Politics

How Many Are Planning to Vote for the First Time?

First-time voters most likely to be aged 18 to 29, prefer Kerry to Bush

GALLUP NEWS SERVICE

PRINCETON, NJ -- Political parties and independent groups believe that new voters -- including younger Americans who are eligible to vote for the first time, new citizens, and those who simply chose not to vote in previous elections -- will turn out in droves on Election Day this year. There have also been numerous media campaigns to register these new voters -- whether it be "Vote or Die" slogans or "20 Million Loud" ads. But how many first-time voters will there be in this year's presidential election?

A recent Gallup Poll, conducted Oct. 11-14, finds that 12% of registered voters say this will be the first time they have voted in a presidential election. The vast majority of voters, 85%, say they have previously voted in a presidential election and plan to cast a ballot in the 2004 presidential election. Among all adults in the country, 11% say they will vote this year for the first time, while 73% say they will vote this year and that they have voted in a previous presidential election. Another 16% of all adults say they are either not planning to vote or that they are not registered.

First-Time Potential Voters Likely to Be Young

Gallup finds that by far, first-time potential voters are most likely to be under age 30. A slight majority of registered 18- to 29-year-old voters (51%) say they will be first-time voters, compared with 9% of registered 30- to 49-year-old voters, and just 1% of registered voters aged 50 and older. Among the overall sample of all adults nationwide, 39% of 18- to 29-year-olds say they will be first-time voters, compared with only 7% among the 30- to 49-year-old group, and 1% among people 50 and older.

Among the sample of registered voters who say this is the first presidential election in which they are voting, 67% are in the 18-to-29 age group, 28% are aged 30 to 49, 3% are between the ages of 50 and 64, and 2% are aged 65 and older.

Other Demographic Differences

There are some minor variations among this group of first-time voters by race, education, income, and partisanship. There are essentially no differences by gender, region, or political ideology.

  • Nonwhites are just slightly more likely than non-Hispanic whites to be first-time voters.

  • Registered voters with less education are more likely to be first-time voters than are those with higher levels of education.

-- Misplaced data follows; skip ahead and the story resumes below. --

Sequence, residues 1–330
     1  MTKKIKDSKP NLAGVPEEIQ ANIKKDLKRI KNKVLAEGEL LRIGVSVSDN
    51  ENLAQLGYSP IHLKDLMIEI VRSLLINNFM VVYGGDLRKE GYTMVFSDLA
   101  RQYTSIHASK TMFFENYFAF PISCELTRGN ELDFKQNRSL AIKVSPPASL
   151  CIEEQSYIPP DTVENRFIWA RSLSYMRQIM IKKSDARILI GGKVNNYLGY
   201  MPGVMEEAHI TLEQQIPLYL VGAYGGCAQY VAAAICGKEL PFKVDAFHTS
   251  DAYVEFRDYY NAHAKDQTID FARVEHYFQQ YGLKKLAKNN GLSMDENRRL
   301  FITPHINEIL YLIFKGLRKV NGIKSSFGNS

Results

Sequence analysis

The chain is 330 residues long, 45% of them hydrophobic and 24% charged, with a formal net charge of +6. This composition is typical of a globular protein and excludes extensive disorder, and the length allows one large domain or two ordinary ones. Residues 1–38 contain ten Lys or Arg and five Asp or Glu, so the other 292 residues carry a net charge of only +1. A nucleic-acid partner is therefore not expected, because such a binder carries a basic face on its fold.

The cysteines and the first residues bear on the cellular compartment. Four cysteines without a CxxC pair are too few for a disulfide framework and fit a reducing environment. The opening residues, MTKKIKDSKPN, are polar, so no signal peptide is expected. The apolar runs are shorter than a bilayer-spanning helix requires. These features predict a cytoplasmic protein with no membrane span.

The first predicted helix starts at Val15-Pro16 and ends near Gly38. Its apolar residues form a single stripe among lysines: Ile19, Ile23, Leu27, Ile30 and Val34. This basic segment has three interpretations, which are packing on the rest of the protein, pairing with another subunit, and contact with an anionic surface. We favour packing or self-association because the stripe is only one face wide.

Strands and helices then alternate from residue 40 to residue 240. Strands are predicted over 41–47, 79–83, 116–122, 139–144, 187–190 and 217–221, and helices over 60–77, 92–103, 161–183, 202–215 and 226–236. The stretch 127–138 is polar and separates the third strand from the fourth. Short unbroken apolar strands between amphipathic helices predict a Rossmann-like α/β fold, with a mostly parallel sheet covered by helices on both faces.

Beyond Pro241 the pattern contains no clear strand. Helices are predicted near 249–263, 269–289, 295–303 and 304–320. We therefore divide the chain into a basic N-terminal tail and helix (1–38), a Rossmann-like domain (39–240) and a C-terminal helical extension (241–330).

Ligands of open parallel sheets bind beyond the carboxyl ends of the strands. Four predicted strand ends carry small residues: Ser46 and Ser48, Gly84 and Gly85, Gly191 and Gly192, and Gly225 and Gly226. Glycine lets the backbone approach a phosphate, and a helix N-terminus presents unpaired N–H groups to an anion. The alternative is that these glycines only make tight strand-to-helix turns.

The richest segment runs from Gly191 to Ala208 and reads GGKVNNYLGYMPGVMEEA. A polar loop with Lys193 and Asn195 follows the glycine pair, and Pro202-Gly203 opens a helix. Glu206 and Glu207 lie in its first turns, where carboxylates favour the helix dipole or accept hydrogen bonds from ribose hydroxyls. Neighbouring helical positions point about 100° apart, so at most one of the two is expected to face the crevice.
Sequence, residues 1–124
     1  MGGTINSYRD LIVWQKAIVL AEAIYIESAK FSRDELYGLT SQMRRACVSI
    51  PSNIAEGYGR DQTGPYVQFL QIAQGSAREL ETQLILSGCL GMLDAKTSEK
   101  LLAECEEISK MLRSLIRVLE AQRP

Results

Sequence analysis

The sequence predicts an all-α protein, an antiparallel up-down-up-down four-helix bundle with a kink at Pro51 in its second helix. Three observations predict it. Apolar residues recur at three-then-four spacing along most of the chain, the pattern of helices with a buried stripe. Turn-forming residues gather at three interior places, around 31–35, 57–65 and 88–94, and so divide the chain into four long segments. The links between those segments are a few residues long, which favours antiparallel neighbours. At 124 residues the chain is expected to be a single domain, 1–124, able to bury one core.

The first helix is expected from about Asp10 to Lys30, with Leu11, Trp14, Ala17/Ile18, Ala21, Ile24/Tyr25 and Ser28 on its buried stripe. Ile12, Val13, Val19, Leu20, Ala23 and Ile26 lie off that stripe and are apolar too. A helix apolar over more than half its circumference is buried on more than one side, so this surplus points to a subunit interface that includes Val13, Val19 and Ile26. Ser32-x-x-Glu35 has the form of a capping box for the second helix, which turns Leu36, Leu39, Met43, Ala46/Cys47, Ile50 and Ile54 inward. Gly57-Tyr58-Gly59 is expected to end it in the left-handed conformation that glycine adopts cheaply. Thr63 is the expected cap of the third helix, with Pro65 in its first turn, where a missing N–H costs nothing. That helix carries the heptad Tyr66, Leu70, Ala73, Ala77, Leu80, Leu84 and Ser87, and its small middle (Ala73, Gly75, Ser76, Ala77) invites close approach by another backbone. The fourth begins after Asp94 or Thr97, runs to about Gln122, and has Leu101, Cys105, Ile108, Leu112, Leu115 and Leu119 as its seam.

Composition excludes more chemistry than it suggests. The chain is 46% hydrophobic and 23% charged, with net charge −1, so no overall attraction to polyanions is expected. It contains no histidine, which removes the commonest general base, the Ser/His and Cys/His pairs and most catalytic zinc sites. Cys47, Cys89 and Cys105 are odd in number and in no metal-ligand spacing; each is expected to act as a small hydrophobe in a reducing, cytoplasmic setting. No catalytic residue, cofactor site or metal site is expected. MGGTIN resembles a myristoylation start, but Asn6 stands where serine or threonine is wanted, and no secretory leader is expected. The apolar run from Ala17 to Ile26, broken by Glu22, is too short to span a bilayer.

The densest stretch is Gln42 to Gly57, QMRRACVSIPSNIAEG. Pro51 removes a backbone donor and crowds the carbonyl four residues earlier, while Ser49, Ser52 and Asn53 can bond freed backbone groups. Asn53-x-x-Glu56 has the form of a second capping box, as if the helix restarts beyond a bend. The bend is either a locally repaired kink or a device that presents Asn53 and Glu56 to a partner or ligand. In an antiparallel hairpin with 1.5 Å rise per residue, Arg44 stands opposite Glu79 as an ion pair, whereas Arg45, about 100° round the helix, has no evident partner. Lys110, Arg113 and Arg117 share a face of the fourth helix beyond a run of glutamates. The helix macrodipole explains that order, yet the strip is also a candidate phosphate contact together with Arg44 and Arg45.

• Registered voters in lower-income households are more likely to be first-time voters than are those in higher-income households.

  • There are essentially no differences in first-time voting between registered Republicans and registered Democrats, although registered independents are somewhat more likely to be first-time voters.

 

First-Time Voting by Demographic Subgroups
based on registered voters
Oct 11-14, 2004

 

 

 

 

 


First-time voters

Voted for president before


Not planning
to vote

 

%

%

%

Education

 

 

 

Postgraduate

3

97

--

College graduate

5

94

1

Some college

17

80

3

High school or less

16

79

5

 

 

 

 

Income

 

 

 

$50,000 or more per year

9

90

1

Less than $50,000 per year

16

79

5

 

 

 

 

Partisanship

 

 

 

Republicans

8

91

1

Independents

18

77

5

Democrats

10

86

4

 

 

 

 

Race

 

 

 

Whites

11

87

2

Nonwhites

20

74

6

 

 

 

 

Gender

 

 

 

Men

13

84

3

Women

11

86

3

 

 

 

 

Region

 

 

 

East

11

87

2

Midwest

13

85

2

South

13

81

6

West

12

88

*

 

 

 

 

Ideology

 

 

 

Conservative

11

86

3

Moderate

11

86

3

Liberal

17

80

3

 

 

 

 

* Less than 0.5%



Vote Preference

It is unclear just how many Americans who say they expect to vote for the first time this year will actually do so. If they follow through on their intentions, the data (though limited) suggest it could be a boost for Sen. John Kerry. The Oct. 11-14 survey found the senator ahead of President George W. Bush among these potential new voters by 50% to 35%, with Ralph Nader receiving 3% support. However, given the small sample of first-time voters in the poll, Kerry's lead over Bush in this group is not statistically significant. Among all registered voters, the contest was essentially tied, with 46% for Kerry, 44% for Bush, and 1% for Nader. Gallup has conducted additional polling since the Oct. 11-14 survey with more recent trends for the presidential contest.

Survey Methods

Results are based on telephone interviews with 1,012 national adults, aged 18 and older, conducted Oct. 11-14, 2004. For results based on the total sample of national adults, one can say with 95% confidence that the maximum margin of sampling error is ±3 percentage points.

For results based on the sample of 910 registered voters, the maximum margin of sampling error is ±4 percentage points.

For results based on the sample of 109 registered voters who say this will be the first presidential election in which they will be voting, the maximum margin of sampling error is ±10 percentage points.

In addition to sampling error, question wording and practical difficulties in conducting surveys can introduce error or bias into the findings of public opinion polls.

Gallup http://www.gallup.com/poll/13744/How-Many-Planning-Vote-First-Time.aspx Gallup World Headquarters, 901 F Street, Washington, D.C., 20001, U.S.A +1 202.715.3030